To scan or not to scan, that is the question?

Despite what you may think, Doctors and Allied Health Professionals are not superheroes. We do not possess X-ray vision, nor can we read minds and figure out what is going on underneath the skin without proper assessment. Assessment includes what you tell us about your injury or condition and the assessment of physical movements that stimulate your symptoms. From this we develop theories of potential causes influencing your injury or condition. In some cases, we would send you for a scan to assess your internal structures to confirm or deny our theories.

Scans, otherwise known as medical imaging assists in looking beneath the surface and identifying affected structures within the body causing your injury. They are relatively cheap and accessible due to the number of practices offering imaging services and the improvement in medical technology. Most images range between bulk-billed ($0) to $350 depending on the type and nature of the image required. Physiotherapists as Allied Health Providers are qualified to send their patients for medical imaging to assist in the diagnosis process or to aid management of their patient’s injury.

The question is, if we have such great access to medical imaging in the 21st century, why don’t all patients’ get sent for a scan? The simple answer is that most patients do not require getting imaging due to the nature of their injury/condition. Only a minority of patient requires additional medical imaging to assist in the diagnosis/management process. This depends on a number of things that the patient has said about the history of the condition and what they have shown us with movement. The reason for referral for medical imaging could be for a suspected broken bone, a serious muscle/tendon/ligament injury or for potential nerve related conditions.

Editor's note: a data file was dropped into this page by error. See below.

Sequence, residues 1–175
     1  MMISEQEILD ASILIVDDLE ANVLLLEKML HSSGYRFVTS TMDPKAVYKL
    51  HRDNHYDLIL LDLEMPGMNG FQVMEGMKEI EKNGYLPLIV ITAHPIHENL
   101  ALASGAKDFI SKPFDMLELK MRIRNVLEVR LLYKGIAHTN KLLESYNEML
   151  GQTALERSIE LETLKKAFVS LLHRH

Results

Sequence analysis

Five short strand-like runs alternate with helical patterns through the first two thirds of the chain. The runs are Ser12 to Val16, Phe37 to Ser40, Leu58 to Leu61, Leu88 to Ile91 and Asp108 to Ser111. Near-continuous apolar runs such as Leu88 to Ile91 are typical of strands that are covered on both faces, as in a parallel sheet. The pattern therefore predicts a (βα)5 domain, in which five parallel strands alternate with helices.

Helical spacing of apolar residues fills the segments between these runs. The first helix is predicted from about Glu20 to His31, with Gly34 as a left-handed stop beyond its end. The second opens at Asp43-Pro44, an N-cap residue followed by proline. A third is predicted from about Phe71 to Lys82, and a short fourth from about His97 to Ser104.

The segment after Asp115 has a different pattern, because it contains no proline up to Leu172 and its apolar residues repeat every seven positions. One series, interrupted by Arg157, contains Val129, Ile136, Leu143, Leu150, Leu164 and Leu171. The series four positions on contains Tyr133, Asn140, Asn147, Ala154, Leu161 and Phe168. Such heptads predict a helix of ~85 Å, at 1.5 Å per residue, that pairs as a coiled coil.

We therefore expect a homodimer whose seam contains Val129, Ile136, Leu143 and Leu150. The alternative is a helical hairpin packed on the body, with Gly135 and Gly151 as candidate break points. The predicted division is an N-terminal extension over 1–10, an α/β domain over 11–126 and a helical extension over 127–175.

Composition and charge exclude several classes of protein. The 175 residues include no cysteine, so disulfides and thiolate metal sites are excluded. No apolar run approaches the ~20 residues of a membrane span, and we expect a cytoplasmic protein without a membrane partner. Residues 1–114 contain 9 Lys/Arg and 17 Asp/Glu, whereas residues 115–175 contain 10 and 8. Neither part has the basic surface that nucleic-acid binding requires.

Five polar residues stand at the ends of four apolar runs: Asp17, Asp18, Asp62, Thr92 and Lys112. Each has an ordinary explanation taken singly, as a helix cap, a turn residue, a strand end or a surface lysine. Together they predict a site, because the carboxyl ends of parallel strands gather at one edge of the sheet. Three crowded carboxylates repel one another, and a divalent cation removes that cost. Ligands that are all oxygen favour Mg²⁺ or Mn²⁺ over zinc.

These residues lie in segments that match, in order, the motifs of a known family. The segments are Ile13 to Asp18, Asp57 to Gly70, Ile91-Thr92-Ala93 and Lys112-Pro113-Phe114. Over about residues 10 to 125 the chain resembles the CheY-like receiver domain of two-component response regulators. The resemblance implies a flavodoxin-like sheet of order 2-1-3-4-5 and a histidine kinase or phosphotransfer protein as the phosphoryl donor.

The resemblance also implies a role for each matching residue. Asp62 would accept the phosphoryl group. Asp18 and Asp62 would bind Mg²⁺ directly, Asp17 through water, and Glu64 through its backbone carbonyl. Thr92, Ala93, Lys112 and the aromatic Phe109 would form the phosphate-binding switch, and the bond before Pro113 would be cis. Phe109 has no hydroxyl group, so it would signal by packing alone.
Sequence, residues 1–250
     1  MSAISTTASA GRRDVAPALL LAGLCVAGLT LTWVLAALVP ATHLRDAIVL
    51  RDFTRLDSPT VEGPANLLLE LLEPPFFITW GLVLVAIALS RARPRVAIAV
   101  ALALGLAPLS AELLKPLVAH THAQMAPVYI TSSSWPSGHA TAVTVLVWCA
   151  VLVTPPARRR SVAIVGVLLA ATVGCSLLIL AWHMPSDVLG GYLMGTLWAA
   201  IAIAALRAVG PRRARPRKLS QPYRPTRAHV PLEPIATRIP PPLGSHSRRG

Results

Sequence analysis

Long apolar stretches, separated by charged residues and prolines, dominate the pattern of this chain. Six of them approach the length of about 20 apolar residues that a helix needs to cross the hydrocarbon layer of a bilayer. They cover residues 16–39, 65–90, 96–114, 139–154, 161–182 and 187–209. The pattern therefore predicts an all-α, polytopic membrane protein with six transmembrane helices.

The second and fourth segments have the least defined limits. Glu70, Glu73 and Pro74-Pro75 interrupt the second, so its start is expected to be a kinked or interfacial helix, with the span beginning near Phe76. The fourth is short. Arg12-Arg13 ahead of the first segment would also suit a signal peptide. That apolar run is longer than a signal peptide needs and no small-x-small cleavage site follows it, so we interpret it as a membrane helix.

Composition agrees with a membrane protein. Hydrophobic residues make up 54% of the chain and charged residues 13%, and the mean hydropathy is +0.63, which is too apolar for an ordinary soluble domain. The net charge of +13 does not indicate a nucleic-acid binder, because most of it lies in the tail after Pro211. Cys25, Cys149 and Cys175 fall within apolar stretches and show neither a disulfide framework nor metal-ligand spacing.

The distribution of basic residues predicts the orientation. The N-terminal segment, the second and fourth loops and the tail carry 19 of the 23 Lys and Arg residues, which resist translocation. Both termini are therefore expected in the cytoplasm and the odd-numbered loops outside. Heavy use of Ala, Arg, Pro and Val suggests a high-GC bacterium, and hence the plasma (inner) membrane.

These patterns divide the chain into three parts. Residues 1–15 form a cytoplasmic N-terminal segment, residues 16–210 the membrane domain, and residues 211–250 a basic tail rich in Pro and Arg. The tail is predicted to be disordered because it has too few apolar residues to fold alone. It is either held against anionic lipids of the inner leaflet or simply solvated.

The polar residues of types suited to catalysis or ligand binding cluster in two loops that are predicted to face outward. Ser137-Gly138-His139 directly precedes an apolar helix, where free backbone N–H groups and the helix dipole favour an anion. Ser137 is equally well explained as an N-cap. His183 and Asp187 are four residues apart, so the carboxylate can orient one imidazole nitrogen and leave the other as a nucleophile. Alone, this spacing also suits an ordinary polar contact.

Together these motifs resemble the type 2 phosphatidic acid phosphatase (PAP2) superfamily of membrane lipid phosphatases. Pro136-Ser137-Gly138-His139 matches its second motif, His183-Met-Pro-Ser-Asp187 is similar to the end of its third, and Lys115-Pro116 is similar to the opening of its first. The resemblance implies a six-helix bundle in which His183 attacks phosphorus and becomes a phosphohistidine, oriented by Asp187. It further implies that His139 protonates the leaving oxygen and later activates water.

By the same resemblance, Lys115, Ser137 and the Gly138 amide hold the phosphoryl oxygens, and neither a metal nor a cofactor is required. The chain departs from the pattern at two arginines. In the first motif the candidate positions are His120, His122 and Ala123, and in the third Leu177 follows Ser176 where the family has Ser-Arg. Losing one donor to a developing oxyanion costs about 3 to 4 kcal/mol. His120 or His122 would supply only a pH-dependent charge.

Before sending a patient for medical imaging we as physiotherapists must first determine if the patient fits the criteria for medical imaging. This is done by weighing up a number of important factors:

1) Imaging algorithm

Does this injury tick the boxes indicated for this series of images to be performed? For example in the case for a sprained ankle. Before an X-ray can be taken the patient must describe pain over the bony edges of the ankle or unable to stand on the affected ankle either immediately after the injury occurred or when they present for medical assessment. If the patient doesn’t meet the recommended criteria it is unlikely the image requested will be of any benefit to the diagnosis process. The algorithm also directs the next course of treatment if the image comes back positive or negative for an ankle fracture. Your Physiotherapist would usually describe this process to you before sending you off for an image otherwise you can check out the pathway process on the WA health webpage.

2) Type of image

Depending on the type of injury a different type of image may be necessary. The types of tissues we are interested in observing are bone, muscle, ligament, tendon, cartilage and nerve. Each type of image is specific to certain tissues compared to another type of medical imaging.

X-ray: The image is formed by exposing the target area to electromagnetic radiation called X-rays. The X-rays pass through the body and leave a shadow of bony tissue as they cannot pass through the dense structure of bone. X-ray is useful for diagnosing dislocation or fracture of bones, they are often used as a first step to rule out serious injury which may require surgical intervention.